- Ashwani K Singal, MD, MS
Ashwani K Singal, MD, MS
- Associate Professor, Division of Gastroenterology and Hepatology
- University of Alabama at Birmingham
- Karl E Anderson, MD, FACP
Karl E Anderson, MD, FACP
- The University of Texas Medical Branch
Hereditary coproporphyria (HCP; OMIM #121300) is one of the acute hepatic porphyrias resulting in neurovisceral symptoms that are identical to those seen in acute intermittent porphyria (AIP) and variegate porphyria (VP) [1-3]. In contrast to AIP, blistering skin lesions, similar to those seen in VP and porphyria cutanea tarda (PCT), may also occur.
HCP is due to deficient activity of the mitochondrial enzyme coproporphyrinogen oxidase (CPOX), the sixth enzyme in the heme biosynthetic pathway (table 1 and figure 1) [4,5]. Affected individuals are heterozygous for mutations of the gene for that enzyme.
The clinical features, diagnosis, and treatment of HCP will be discussed here. A general review of the porphyrias is presented separately. (See "Porphyrias: An overview".)
The other acute porphyrias are also discussed separately. (See "Pathogenesis, clinical manifestations, and diagnosis of acute intermittent porphyria" and "Variegate porphyria" and "ALA dehydratase porphyria".)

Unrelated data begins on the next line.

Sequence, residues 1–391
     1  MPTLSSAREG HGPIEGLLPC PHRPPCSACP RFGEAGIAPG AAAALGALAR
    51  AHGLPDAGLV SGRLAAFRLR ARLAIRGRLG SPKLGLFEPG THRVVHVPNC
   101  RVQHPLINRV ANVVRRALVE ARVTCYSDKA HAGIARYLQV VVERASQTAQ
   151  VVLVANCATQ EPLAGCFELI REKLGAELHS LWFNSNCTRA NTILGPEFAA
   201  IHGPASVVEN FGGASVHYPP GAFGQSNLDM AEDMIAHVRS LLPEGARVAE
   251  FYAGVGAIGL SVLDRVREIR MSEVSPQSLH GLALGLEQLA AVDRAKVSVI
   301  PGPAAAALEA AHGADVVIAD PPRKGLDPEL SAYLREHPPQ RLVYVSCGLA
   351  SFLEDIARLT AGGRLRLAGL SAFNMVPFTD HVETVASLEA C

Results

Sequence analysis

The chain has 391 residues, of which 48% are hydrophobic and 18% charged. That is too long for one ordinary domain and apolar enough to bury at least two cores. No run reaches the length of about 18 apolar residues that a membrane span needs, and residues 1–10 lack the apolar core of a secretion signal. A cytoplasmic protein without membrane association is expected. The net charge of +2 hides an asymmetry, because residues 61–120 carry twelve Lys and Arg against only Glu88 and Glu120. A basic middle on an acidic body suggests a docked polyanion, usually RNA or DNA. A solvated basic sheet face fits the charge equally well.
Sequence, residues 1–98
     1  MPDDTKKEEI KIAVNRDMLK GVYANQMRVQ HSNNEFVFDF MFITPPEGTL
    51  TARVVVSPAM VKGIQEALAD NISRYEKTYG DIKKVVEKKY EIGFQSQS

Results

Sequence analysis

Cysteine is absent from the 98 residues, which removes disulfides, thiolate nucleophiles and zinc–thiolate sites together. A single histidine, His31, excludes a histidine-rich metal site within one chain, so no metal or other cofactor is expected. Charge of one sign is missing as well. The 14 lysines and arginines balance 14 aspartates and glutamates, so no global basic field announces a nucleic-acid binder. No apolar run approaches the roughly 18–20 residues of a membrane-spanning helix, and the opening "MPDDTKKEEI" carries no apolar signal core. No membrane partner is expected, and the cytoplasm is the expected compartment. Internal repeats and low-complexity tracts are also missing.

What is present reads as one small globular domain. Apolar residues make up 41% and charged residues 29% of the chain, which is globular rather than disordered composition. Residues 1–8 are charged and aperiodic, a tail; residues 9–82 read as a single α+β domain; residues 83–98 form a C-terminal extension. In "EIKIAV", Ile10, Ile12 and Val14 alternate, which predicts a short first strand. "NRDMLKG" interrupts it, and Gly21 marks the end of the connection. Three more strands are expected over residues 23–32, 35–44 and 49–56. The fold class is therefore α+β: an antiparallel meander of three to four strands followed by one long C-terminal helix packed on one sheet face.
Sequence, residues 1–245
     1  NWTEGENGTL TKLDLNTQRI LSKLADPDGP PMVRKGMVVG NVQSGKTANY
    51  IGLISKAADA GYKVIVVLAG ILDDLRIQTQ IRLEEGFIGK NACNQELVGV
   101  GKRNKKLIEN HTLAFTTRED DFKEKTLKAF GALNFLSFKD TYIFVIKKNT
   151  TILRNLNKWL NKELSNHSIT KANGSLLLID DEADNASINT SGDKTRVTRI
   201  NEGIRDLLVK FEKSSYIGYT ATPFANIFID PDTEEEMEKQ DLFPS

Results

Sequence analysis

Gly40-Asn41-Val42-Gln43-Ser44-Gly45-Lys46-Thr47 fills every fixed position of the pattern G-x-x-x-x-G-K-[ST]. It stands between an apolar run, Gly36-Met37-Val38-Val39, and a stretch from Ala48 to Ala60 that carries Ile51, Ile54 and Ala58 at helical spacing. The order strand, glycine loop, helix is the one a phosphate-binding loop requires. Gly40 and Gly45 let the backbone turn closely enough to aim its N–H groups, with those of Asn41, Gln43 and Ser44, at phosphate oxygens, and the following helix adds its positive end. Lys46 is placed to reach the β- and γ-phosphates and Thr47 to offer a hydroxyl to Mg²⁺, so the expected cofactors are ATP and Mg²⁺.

PREVALENCE AND EPIDEMIOLOGY
HCP is the third most common acute porphyria after AIP and VP. The disease is mostly reported from Europe and North America, but is expected to occur in all ethnic groups. A prevalence of two per million was estimated in Denmark . In Europe, an incidence of approximately 0.15 new cases per year has been estimated . HCP typically manifests after puberty in heterozygotes, and more commonly in women. Homozygous cases of HCP and a genetic variant form of the homozygous disease termed harderoporphyria have been described, with disease onset in childhood [8-11].To continue reading this article, you must log in with your personal, hospital, or group practice subscription. For more information on subscription options, click below on the option that best describes you:
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- PREVALENCE AND EPIDEMIOLOGY
- CLINICAL FEATURES
- Neurovisceral manifestations
- Cutaneous manifestations
- Laboratory findings
- - Hematologic, electrolyte, and imaging abnormalities
- - Porphyrin precursors
- Precipitating factors
- ETIOLOGY AND PATHOGENESIS
- Enzymatic defect in HCP
- Porphyrin accumulation
- CPOX mutations
- - Homozygous HCP and harderoporphyria
- DIAGNOSTIC TESTING
- Initial diagnostic testing for HCP
- Distinguishing among acute porphyrias
- Genetic testing
- DIFFERENTIAL DIAGNOSIS
- Acute attacks
- Blistering skin lesions
- Long term management
- Genetic counseling
- SUMMARY AND RECOMMENDATIONS